The standard connection for driving an LED from a port is shown in Figure 1
. The load is typically a single LED, but can be dual LEDs in series (as shown), depending on choice of LEDs and supply voltage. The series resistor R1 is necessary to limit the current through the LED. The value of resistor R1 required to drive a current IPORT
through the LED can be calculated using the formula:
R1 = (VEXT
) / IPORT
is the LED supply voltage
is the voltage drop across the LED(s) at the required load current (usually in the range 1.8V to 2.4V for red LEDs, and 3V to 4.2V for blue, white, and high efficiency green LEDs)
is the voltage drop across the output port when sinking the required load current (for example 0.25V at 20mA for MAX6964)
Figure 1. Standard LED connection.
does not have to be the same voltage as the port expander V+ supply pin. The protection within many (but not all!) IC's open-drain output structures allow a load to be connected to a voltage above the chip supply voltage (but not negative with respect to GND). For example, the MAX6964, MAX6965 outputs are rated at 7V, allowing the LEDs in the Figure 1 circuit to be connected to 6V instead of the 3.3V port expander supply. The higher LED supply voltage allows two red LEDs in series (or alternatively a single white LED) to be driven.
The LED current will vary with supply voltage and LED forward voltage. Resistor initial accuracy and temperature coefficient, plus any variance in port output voltage with temperature and supply voltage, will also play a part. If consistent LED current is important, make sure that the voltage drop across resistor R1 is high compared with the total voltage variances in VEXT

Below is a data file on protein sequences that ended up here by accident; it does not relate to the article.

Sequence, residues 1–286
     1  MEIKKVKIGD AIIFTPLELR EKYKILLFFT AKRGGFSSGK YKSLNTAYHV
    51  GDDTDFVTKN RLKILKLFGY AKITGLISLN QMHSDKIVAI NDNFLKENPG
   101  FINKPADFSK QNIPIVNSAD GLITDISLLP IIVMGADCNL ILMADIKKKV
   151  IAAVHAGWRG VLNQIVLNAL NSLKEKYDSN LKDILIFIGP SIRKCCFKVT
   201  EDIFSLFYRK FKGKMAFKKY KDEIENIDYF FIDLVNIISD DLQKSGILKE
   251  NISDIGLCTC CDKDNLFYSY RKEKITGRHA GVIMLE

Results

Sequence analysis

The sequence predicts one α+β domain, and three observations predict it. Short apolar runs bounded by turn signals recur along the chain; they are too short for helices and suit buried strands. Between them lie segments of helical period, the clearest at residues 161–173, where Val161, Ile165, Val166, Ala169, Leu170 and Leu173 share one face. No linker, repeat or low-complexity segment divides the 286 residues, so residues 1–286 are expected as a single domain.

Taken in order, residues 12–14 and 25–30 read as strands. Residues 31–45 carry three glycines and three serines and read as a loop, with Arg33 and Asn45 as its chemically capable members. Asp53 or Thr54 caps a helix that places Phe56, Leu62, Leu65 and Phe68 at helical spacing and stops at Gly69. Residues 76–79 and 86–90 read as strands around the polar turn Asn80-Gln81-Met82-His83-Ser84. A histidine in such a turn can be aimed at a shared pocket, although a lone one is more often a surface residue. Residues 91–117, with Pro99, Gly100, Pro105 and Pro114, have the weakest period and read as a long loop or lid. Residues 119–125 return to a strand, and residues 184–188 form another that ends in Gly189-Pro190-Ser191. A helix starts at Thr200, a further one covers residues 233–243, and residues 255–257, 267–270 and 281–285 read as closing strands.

supply and LED. For example, consider a situation where we need to drive a nominal 20mA through a red LED whose forward voltage is 2V ±0.2V. We have a choice of either 3.3V ±5% or 5V ±5% for VEXT
. Let us say we are using a MAX6964 port which will drop 0.25V ±0.1V when sinking 20mA.
Using the typical values, the value for R1 calculates to be (5 - 2 - 0.2) / 0.02 = 140Ω for the 5V supply case, and (3.3 - 2 - 0.2) /0.02 = 55Ω for the 3.3V case. Using these exact values for R1, then the actual current variation at the tolerance extremes would be ±3.9mA (a 19.5% variation) for the 5V case, and ±8.5mA (a ±42% variation) for the 3.3V case.
Clearly the 3.3V solution has a much wider current variation than the 5V solution. However, the 5V solution dissipates more power in the current limiting resistor. If this current variation is too high, consider using a port expander with constant-current (internally current limited) outputs such as MAX6956 and MAX6957, or use techniques such as shown in Figures 7
which use an external transistor to control the current more accurately.
Driving LEDs in Parallel
Multiple LEDs can be driven in parallel to share the current from a single output (Figure 2
). Series resistors R2 and R3 set the current through each LED. Driving LEDs in parallel as opposed to in series reduces the drive voltage headroom required, but also reduces the maximum drive current available for each LED.
Figure 2. Driving multiple LEDs from one output.